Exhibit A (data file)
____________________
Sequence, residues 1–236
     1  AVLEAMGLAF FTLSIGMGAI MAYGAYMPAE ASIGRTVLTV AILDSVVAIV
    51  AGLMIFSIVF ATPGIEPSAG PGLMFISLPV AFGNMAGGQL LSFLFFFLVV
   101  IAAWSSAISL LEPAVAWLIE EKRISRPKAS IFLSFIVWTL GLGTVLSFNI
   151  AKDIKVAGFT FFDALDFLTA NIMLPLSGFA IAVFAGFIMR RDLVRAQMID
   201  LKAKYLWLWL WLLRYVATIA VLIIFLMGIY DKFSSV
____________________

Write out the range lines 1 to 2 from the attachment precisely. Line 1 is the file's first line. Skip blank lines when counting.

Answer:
Sequence, residues 1–236
     1  AVLEAMGLAF FTLSIGMGAI MAYGAYMPAE ASIGRTVLTV AILDSVVAIV